When I was young what is today most often called an Emergency Blanket, was invented and it changed the world of survival and preparedness. NASA developed the material in 1964 for use in the space program. The plastic film is PET, the same material used in water bottles, aluminum vapor is bonded to the film in a vacuum process. This material is valuable when used correctly, it is dangerous when relied upon without knowing its properties. I always get a kick out of the many advertisements showing people with the blanket wrapped around them, big smiles on their faces, I think to myself, I’ll bet they’ve never used the blanket in the cold.

 

What it is and what it is not

  • It is not insulation nor is it an insulator. The material itself quickly becomes the same temperature as the environment
  • It is not actually a blanket, it is more a sheet or film, although I’ll refer to it that way due to common convention
  • It is PET film coated with a thin layer of aluminum
  • It is compact and light in weight
  • It is not breathable at all
  • It is somewhat fragile
  • It does not generate any heat
  • It is a reflector, like a mirror
  • It can be used as a large signal mirror
  • It can reflect as much as 90% of infrared radiation
  • It is in our Core Survival Kit at right, (formerly Off-Road Survival Kit)

 

Many years ago shortly after graduating from High School, I was a guide on Deer Hunt when we got trapped in the tops of some mountains by a sudden snow storm. The day had been warm and nice, we were in shirts and had some thin windbreakers with us. The storm seemed to appear out of nowhere, as can be common in the mountains. We were not able to get back to camp till morning. I remember pulling out my space blanket and wrapping it around me expecting to soon feel the warmth. I was sorely disappointed as anywhere I had direct contact with the blanket it was freezing cold, and the wind did not help as it pressed the blanket against me. I did find that if there was a space between me and the blanket I could feel the warmth, I soon abandoned it however, as it seemed useless to me at the time. We got through the storm very well, by making a tall circular windbreak of sage brush and building a fire in the middle. We slept through the night, awaking to a nice layer of snow everywhere except our little alcove shelter.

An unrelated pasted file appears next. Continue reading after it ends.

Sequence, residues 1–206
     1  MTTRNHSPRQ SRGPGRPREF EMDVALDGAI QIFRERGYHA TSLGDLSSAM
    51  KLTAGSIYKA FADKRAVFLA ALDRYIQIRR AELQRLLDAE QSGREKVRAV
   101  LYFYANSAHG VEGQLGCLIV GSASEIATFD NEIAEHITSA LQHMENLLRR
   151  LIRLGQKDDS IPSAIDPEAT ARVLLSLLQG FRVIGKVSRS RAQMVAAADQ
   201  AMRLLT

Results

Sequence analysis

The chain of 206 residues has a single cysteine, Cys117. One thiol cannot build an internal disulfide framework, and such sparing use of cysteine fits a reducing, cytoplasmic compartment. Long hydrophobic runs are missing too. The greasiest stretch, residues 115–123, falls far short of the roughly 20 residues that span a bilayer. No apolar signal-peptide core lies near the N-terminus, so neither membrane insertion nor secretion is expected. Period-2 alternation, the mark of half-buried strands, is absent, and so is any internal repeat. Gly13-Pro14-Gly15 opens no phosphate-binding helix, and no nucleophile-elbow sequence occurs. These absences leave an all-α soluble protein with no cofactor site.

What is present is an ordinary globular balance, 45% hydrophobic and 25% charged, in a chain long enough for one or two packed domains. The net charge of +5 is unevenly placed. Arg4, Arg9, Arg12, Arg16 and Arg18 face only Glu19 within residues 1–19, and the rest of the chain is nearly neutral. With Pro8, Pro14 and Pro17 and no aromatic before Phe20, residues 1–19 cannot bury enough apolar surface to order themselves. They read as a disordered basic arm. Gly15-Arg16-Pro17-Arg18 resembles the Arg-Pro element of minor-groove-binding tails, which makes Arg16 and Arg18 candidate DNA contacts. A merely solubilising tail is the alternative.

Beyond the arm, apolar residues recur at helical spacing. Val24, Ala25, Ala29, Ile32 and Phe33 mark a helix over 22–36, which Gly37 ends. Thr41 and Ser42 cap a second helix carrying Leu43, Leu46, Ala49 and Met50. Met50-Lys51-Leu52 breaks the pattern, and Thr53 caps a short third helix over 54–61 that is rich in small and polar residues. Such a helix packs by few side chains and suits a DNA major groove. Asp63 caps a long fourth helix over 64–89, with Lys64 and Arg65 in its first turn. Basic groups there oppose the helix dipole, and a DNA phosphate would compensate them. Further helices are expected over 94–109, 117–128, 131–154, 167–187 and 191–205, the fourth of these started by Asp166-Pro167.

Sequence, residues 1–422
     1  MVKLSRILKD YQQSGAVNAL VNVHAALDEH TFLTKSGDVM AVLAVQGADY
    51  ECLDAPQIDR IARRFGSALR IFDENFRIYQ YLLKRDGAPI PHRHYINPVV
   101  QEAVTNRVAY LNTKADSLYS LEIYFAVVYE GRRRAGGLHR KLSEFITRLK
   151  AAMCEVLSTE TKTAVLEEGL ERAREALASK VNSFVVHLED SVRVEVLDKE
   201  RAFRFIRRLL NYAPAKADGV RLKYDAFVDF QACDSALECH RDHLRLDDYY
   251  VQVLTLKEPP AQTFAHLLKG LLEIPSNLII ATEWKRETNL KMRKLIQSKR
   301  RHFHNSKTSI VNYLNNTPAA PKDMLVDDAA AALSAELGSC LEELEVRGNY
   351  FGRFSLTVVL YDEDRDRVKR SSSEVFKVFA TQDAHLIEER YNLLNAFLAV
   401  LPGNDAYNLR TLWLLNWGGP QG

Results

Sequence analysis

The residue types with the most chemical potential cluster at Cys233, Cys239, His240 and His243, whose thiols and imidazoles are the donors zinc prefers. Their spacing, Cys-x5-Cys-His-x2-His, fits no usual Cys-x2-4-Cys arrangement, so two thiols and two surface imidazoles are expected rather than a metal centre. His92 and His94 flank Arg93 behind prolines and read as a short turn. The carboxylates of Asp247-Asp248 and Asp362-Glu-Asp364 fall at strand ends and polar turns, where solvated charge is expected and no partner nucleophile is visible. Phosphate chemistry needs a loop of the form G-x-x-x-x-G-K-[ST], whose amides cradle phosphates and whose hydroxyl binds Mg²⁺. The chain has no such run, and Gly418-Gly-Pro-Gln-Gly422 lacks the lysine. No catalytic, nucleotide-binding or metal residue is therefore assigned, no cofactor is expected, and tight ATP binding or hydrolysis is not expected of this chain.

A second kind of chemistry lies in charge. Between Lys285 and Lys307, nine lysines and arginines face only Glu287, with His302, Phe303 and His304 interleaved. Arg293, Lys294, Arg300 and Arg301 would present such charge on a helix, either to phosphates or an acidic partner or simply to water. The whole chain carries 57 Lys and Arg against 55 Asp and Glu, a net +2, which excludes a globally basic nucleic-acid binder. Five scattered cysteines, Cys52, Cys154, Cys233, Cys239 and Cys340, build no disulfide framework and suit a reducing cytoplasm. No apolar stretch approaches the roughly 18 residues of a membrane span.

Today I still carry the Space Blanket and I love it, I love it for what it does so well. After that first experience I learned more about the material, it’s nature and what it could realistically do for me.

In a survival situation use the Space or Emergency Blanket as a mirror. It functions much the same as a solar oven or a reflector oven, changing the direction of travel of IR radiation. My favorite way to use the blanket is as a lean-to or incorporated in the wall or roof of a shelter that uses fire for heating, see picture at right. It can be used alone in cold but not too windy weather, here’s a link to a video on this application. Duct tape can be used to reinforce stress points.

 

Using duct tape alone or with pins the Space Blanket can be attached to a tarp. This makes it much more durable and versatile. If you can set up a shelter facing South with a clear view of the sun, the blanket can even be laid on the ground to reflect energy from the sun up into your shelter.

 

Medically it has been used in a mild environment next to the skin to reflect body heat back and to humidify the air around the body of a patient. In hot weather the blanket can be used to reflect heat away. In short just think of it as a mirror to reflect heat and it will simplify things for you. Since it is waterproof, it can shed rain water, either wrapped around a person, or incorporated in a shelter roof. It can also be used as a catch basin for rain water, when supplies are short.

 

So there’s the short story on using the Emergency Space Blanket, be sure to watch our YouTube Channel for upcoming additional videos showing various uses.

 

Until next time, this is Perry Peacock, “Simplifying Survival.”

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